Research of nearly two decades reveals that intimate partner femicide is declining in South Africa
Cape Town | Research by the South African Medical Research Council (SAMRC) suggests that there is a decline in intimate partner femicide rate while non intimate partner femicide has remained unchanged since 2009 in South Africa – however, the country remains ranked among those with the highest rates of femicide in the world.
Results from the Third National Femicide Study, a study of female murder in 2017, were released at a webinar earlier today – coinciding with the commemoration of International Women’s Day. Funded by the Ford Foundation, the Study primarily sought to address the key question: Is there any evidence that the national efforts to combat GBV in South Africa are having any impact on the problem of femicide?
Undertaken by the SAMRC’s Gender and Health Research Unit, the study examined medical and police investigation data from a random sample of 81 urban and rural settings across the country in 2017 and compared results with the 1999 and 2009 studies. The 2017 results showed that 2407 women aged 14 and above were murdered in South Africa of which 1029 were murdered by an intimate partner. The study found that the rate of intimate partner femicide declined from 8.8/100 000 population in 1999 to 4.8/100 000 population. Professor Naeemah Abrahams, Director of the SAMRC’s Gender and Health Research Unit, who led the study as Principal Investigator (PI) described these findings as evidence of change and an indication that the country is starting to reap the benefits of many years of activism from women and community-based organisations and from Government’s policy and practice. However, “we still have an enormous problem of femicide in our country with three women being killed per day by an intimate partner.”
The 2017 study also showed an increase in missing information related to the police investigation, highlighting that the missing dockets increased from 1.6% in 2009 to 9.1% in 2017. Another key finding of the study was that there was an increase in cases where the perpetrators were not identified during the investigation. “These findings are indicative of a decline in the quality of police investigations of femicide cases. It is critical that femicide receives the attention it needs, so that perpetrators who murder women are held accountable and punished for this crime against women”, emphasized Prof Abrahams.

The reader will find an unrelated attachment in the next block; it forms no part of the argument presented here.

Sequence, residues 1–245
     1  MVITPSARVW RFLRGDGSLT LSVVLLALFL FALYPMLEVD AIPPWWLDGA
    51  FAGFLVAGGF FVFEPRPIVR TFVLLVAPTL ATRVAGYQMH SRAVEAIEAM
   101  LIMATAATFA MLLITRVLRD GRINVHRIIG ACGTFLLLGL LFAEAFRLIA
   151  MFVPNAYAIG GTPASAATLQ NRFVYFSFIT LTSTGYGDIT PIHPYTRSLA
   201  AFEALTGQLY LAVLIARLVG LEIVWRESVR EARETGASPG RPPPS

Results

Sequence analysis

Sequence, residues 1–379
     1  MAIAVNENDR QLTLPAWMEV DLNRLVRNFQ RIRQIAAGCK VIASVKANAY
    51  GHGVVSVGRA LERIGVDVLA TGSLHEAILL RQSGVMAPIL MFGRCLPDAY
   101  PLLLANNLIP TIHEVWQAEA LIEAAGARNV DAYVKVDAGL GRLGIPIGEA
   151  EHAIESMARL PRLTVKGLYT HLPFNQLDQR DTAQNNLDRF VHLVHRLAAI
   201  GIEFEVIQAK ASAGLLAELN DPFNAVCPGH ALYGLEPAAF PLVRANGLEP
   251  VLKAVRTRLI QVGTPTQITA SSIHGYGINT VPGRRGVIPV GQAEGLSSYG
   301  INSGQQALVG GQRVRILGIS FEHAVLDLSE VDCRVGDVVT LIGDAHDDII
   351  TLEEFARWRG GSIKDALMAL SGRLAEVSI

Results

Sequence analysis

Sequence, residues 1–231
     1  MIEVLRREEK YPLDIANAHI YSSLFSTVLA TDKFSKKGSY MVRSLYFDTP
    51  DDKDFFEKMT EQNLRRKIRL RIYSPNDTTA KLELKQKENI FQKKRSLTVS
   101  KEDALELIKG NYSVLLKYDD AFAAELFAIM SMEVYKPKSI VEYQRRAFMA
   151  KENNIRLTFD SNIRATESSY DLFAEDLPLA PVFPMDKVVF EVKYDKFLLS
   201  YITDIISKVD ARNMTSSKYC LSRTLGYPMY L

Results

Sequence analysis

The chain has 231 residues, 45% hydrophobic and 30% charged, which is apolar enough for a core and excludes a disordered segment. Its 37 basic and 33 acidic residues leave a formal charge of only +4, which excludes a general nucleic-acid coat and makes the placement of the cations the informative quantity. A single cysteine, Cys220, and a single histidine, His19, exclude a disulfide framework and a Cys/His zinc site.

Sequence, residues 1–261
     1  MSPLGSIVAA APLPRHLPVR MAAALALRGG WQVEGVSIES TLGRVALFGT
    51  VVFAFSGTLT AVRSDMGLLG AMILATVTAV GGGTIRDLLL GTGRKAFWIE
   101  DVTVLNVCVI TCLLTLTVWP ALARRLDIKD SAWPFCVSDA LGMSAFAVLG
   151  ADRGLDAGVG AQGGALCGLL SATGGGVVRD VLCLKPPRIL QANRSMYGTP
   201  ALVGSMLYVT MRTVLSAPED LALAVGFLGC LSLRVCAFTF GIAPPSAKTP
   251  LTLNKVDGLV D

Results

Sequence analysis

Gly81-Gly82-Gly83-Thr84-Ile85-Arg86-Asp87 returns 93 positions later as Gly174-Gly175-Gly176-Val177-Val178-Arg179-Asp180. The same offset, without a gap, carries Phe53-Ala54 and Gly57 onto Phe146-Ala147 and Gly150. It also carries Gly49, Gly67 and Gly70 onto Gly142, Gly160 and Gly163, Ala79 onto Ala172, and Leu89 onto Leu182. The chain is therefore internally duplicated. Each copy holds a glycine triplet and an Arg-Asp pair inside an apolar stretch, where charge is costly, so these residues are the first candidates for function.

During the launch, the SAMRC also shared the National Femicide Prevention Strategy which was commissioned by the Department of Justice and Constitutional Development as part of government’s response to curb the scourge of femicide and gender-based violence (GBV) and is still gaining final approval. “If implemented, this strategy will address the key concerns raised in the study which include strengthening our institutional capacity, such as police services, to prevent and respond to femicide in our country,” added Prof Abrahams.
Addressing the webinar, SAMRC President and CEO, Professor Glenda Gray said although the fight is far from over, this is an important and exciting finding. She added that it further shows that we can turn the tide of GBV and femicide in the country, research conducted over three decades by the SAMRC can be used to understand and prevent GBV and femicide. “For almost 30 years the SAMRC, through its Gender and Health Research Unit, has been responsive to GBV and femicide, leading research, as well as developing and testing of interventions to prevent and respond to the scourge,” said Prof Gray, also highlighting that the organisation was instrumental in the development of the National Strategic Plan (NSP) on GBV and Femicide and that a group of scientists from the SAMRC contributed to different aspects of the NSP particularly the theory of change and co-drafting some of its sections as well as, developing the budget for the emergency response action plan of 2019/2020.
NOTE TO THE EDITOR
View or download the Full Brief: Third National Femicide Study
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